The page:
Back in 2007 we listened to President Thabo Mbeki’s speech at the national conference of the ANC at Polokwane. We listened to it avidly all the way home all the way home from church on Sunday. It seemed much better than most political speeches, not full of platitudes. Now the Rand Daily Mail website has republished it, and I quote one of the bits that made a vivid impression on me at the time, so vivid that I can still remember where I was at the time, driving north on the N1 passing the mint and driving under the old Johannesburg/Pretoria Road bridge Mbeki’s chilling warning in 2007: A virus is eating up the ANC from the inside | Politics | RDM:
I would like to cite a vitally important observation our Secretary General made in his Organisational Report to our 51st National Conference, five years ago.
He said: “We have also reported to the NGC (held in 2000), on the challenges being in power has on the structures of the movement. We found that the issues dividing the leadership of some of our provinces are not of a political nature, but have mainly revolved around access to resources, positioning themselves or others to access resources, dispensing patronage and in the process using organisational structures to further these goals.
“This often lies at the heart of conflicts between (ANC) constitutional and governance structures, especially at local level and is reflected in contestations around lists, deployment and the internal elections process of the movement. These practices tarnish the image and effectiveness of the movement.
“The limited political consciousness (among some of our members) has impacted negatively on our capacity to root out corrupt and divisive elements among ourselves. For the movement to renew itself as a revolutionary movement, we have to develop specific political, organisational and administrative measures to deal with such destructive elements.”
Nelson Mandela also drew our attention to this challenge when he opened our 50th National Conference in 1997. Among other things he said: “One of these negative features is the emergence of careerism within our ranks. Many among our members see their membership of the ANC as a means to advance their personal ambitions to attain positions of power and access to resources for their own individual gratification.
“Accordingly, they work to manipulate the movement to create the conditions for their success.”
Far from heeding the warning, the ANC national conference rejected Thabo Mbeki, ended his presidential term early, and elected as its new president Jacob Zuma, who encouraged the very tendencies that Mbeki had warned against.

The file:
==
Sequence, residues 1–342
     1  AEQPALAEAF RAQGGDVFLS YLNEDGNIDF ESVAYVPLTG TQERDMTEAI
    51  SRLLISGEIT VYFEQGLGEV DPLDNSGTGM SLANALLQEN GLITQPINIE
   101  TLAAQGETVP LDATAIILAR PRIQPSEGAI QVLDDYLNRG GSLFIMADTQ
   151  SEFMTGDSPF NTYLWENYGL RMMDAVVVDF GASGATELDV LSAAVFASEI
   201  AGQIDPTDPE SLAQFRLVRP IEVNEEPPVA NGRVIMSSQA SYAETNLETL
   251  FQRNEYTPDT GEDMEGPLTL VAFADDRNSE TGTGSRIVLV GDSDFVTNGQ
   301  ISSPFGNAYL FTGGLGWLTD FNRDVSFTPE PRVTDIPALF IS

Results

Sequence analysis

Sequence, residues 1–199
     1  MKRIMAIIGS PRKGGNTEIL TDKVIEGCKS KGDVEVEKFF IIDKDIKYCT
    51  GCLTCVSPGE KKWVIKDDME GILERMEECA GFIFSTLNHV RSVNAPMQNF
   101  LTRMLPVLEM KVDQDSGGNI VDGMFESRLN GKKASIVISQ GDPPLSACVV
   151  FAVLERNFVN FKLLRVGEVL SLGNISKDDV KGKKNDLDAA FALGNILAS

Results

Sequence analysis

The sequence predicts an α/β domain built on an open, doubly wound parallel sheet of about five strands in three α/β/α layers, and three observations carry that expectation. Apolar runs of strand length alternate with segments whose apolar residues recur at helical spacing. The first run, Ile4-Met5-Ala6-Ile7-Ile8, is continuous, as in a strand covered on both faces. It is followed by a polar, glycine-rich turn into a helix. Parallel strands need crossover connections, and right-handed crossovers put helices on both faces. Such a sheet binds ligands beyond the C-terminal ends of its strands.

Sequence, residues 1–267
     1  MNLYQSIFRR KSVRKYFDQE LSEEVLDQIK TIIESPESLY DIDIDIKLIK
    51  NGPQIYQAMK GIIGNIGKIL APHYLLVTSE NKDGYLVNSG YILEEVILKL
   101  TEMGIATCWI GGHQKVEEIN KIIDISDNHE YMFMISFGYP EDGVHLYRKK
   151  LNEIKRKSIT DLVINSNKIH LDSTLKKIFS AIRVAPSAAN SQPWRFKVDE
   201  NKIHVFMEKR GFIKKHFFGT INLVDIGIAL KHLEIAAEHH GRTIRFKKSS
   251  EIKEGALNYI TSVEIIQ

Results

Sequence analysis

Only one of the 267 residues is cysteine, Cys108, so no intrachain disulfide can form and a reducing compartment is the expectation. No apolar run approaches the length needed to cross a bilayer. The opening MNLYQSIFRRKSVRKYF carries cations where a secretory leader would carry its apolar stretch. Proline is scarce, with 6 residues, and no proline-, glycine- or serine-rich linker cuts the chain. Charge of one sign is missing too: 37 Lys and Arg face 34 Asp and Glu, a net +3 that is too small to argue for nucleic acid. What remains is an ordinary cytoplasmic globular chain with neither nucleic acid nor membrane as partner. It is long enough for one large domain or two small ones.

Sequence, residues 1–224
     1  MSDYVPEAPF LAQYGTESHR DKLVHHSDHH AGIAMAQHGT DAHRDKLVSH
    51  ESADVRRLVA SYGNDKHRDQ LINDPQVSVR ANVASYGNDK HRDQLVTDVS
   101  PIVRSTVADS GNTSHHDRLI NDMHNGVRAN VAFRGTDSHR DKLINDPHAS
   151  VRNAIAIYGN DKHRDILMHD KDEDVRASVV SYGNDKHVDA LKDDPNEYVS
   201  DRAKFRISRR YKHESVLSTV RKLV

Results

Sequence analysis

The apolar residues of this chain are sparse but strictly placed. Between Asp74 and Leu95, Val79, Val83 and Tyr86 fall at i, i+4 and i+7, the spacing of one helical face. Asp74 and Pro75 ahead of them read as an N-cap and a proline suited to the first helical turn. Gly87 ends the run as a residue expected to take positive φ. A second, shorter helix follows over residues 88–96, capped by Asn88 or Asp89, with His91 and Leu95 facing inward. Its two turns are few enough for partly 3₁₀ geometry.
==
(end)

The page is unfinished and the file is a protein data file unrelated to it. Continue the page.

The problem Mbeki warned against has manifested itself in the 2016 municipal elections, where people protesting against the official ANC candidates have sometimes become violent, and the protests have been accompanied by the burning of buses and other vehicles, and the looting of shops, especially those owned by foreigners.
As one news report put it Looting, burning of buses continues in some Tshwane townships – As it happened | News24:
Protests that began on Monday evening over the announcement of Thoko Didiza as the ANC’s Tshwane mayoral candidate continued throughout Tuesday. The situation became so volatile that by the end of the working day, commuters were left stranded as buses and taxis lessened their services in fear of violence.
How all this happened in the case of the City of Tshwane is spelt out in this article TRAINSPOTTER: The murder of an Ordinary Member, the anointing of Thoko Didiza, and the battle for the soul of Tshwane | Daily Maverick:
The story goes like this: ordinary branch members had handed over a list of three names to the Regional Executive Committee, which, in order to fulfil its constitutional obligations, duly handed the list over to the PEC. The committee perused the list, and found that Sputla’s name was noticeably absent, while deputy mayor Mapiti Matsena’s name was written in day-glo orange. (Not the day-glo orange part.) As for the other two members, the ANC was keeping shtum. Regardless, none of the names was acceptable, because signing off on the list would have meant entrenching the factional divide, resulting in the upgrade of a long simmering conflict into a full-blown nuclear war.
Shitting themselves, the PEC axed the list.